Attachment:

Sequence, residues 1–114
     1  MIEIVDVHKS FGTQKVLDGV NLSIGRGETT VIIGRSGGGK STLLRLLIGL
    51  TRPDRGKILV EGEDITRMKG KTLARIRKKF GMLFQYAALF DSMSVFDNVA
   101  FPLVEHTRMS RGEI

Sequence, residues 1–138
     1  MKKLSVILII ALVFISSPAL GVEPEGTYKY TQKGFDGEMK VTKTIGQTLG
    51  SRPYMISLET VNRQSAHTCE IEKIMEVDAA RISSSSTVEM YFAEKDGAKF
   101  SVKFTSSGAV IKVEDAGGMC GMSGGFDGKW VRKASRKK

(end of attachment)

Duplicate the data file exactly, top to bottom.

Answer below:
Sequence, residues 1–114
     1  MIEIVDVHKS FGTQKVLDGV NLSIGRGETT VIIGRSGGGK STLLRLLIGL
    51  TRPDRGKILV EGEDITRMKG KTLARIRKKF GMLFQYAALF DSMSVFDNVA
   101  FPLVEHTRMS RGEI

Sequence, residues 1–138
     1  MKKLSVILII ALVFISSPAL GVEPEGTYKY TQKGFDGEMK VTKTIGQTLG
    51  SRPYMISLET VNRQSAHTCE IEKIMEVDAA RISSSSTVEM YFAEKDGAKF
   101  SVKFTSSGAV IKVEDAGGMC GMSGGFDGKW VRKASRKK